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 Global Neo-Keynesianism

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Aaron
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PostSubject: Global Neo-Keynesianism   Sat Jun 09, 2007 8:13 pm

This is kind of a long read but I thought it was interesting.

Quote :
Toward a New Exterior Logic: Global Neo-Keynesianism (An Integral Political Economy)
If we take the principles of Integral Politics seriously, we must strive to preserve and promote the deepest development for the greatest number of beings. In practice, this means that we need to find ways to balance economic and political development through a globalized polity, so that future economic processes do not lead to even greater economic polarization. Historically, this particular imbalance is nothing new, as economic integration has frequently advanced more rapidly than political integration. In the following I roughly outline a progression of economy polity relations that provides an idea as to what the next stage of our politico-economic organization might be.

With the emergence of capitalism and the explanation of its functioning that Adam Smith first provided, one can say that there was a phase in which the economy was primarily national andthe polity was not supposed to intervene much in the economy. The polity was thus practically non-existent as far as the economy was concerned (except to enforce contracts perhaps). Thiswas the phase of classical liberalism, of the basically unregulated national economy, whichbegan in Western Europe around 1800 and lasted until the 1930s (most economies were, of course, only an approximation of this description—in reality all economies were mixed, with the balance tending to favor the market). This phase ended as a result of its own instability, as exemplified by the Great Depression. The next phase was classical Keynesianism, which, in accordance with the principles outlined by Maynard Keynes, gave a significant role to the national polity in guiding the national economy (along with some limited international controls, which made national controls possible). This phase lasted until the early 1970s, which is when Keynesianism collapsed due to its inability to manage the contradictions between the demands of the business sector and the general population. The practical result was the increasing indebtedness of the Western welfare states (and also eventually a debt crisis for the Third World). The increase in world trade began to create increasing pressure to bring about a new system of politico-economic management, as companies chose the most favorable locations for investment, whether those were within or outside of the polity which regulated them. Thus, the late 1970s thus represent the beginning of a global regime of economic neo-liberalism that was accompanied by the persistence of national politics and the ideology of neo-liberalism, as represented by Margaret Thatcher and Ronald Reagan. This is basically the phase and type of globalization we are still experiencing.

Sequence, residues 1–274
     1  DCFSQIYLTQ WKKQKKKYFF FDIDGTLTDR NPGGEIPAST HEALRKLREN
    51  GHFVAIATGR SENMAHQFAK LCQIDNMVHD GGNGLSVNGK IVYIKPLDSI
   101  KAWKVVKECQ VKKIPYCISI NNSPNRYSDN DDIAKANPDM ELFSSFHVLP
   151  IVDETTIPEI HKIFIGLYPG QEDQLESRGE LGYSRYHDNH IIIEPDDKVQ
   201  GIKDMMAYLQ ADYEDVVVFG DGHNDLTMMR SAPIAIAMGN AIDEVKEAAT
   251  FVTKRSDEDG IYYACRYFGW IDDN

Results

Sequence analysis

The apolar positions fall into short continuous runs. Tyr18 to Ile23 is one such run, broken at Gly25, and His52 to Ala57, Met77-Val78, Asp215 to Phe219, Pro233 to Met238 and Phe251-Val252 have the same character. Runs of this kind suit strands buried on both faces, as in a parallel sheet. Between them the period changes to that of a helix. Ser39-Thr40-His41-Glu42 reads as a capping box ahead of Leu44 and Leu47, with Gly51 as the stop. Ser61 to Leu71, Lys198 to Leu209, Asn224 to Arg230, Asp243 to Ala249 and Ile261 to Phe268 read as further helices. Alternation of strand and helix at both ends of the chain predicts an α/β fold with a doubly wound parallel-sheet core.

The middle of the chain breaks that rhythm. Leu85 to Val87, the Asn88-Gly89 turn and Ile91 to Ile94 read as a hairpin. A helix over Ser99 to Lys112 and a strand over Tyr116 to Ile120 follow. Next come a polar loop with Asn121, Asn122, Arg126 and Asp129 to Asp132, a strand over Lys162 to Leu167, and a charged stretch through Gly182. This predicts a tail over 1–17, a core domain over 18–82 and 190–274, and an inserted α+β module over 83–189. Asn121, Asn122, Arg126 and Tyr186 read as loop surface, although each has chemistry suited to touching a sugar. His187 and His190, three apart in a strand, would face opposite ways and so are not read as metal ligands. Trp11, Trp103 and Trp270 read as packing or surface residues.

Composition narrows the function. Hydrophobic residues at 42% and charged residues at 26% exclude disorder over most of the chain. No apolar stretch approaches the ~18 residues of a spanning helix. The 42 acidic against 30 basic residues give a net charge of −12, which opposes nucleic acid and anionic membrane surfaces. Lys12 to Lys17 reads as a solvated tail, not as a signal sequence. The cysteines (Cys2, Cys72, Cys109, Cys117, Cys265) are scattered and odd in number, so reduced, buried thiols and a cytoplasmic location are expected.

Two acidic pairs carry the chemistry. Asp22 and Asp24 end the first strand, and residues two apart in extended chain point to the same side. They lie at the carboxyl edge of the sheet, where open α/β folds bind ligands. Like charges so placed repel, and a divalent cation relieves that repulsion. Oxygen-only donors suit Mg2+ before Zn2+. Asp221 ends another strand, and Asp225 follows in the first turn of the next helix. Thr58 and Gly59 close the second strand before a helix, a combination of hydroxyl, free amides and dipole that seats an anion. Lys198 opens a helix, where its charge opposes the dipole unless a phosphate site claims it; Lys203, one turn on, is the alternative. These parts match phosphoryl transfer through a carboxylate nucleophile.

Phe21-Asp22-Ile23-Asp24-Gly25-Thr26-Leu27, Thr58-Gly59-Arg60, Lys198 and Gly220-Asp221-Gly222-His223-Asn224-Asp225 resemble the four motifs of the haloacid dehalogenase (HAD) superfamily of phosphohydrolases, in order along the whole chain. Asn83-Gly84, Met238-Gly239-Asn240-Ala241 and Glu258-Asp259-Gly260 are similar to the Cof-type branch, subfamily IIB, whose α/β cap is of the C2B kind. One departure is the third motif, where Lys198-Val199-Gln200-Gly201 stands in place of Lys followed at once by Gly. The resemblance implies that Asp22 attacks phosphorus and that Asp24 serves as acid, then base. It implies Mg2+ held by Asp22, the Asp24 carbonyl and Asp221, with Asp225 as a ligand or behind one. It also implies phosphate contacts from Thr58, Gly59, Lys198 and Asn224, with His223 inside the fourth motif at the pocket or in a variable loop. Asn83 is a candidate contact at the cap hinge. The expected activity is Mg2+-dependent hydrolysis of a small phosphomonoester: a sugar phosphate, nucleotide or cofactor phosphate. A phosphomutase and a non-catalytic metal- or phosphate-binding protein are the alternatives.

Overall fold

The next phase will in all likelihood be a catching-up of the polity to the same global level at which the economy is already operating. In other words, because international neo-liberalism is unsustainable, due to the increasing polarization and environmental destruction it produces, we can expect to see a new phase in the near future, that of global neo-Keynesianism, when the polity becomes global too and can re-)regulate the global economy. An example of this process is the European Union, which is currently introducing a stronger regional (Europe-wide) polity, precisely so that it can better deal with its region-wide economic, social, and ecological problems.

Many prominent economists have already floated proposals for creating a global neo-Keynesian political economy, such as former World Bank chief economist Joseph Stiglitz, Harvard development economist Jeffrey Sachs, economic Nobel laureate James Tobin, and global financier George Soros. Their proposals range from introducing a global tax on currency speculation (the Tobin Tax) to the creation of a global central bank to international capital controls. The primary objective of these proposals is generally to dismantle the current regime of “beggar thy neighbor” in which countries compete to offer the best investment opportunities for free-floating capital by dismantling all national restrictions or controls on investment (ranging, from environmental to labor to human rights regulations). Most importantly, global neo-Keynesian controls can also contribute to a reversal of global economic polarization.

We should be under no illusions, however, that global neo-Keynesianism is an end-point in our politico-economic development. It too will sooner or later suffer from similar internal contradictions that national Keynesianism suffered, and we, as a global society, will then have to look for a new systemic logic. However, until then, global neo-Keynesianism is the most likely alternative.

http://holons-news.com/free/Integral_Politics_AQAL_Vol1_No2_Wilpert.pdf

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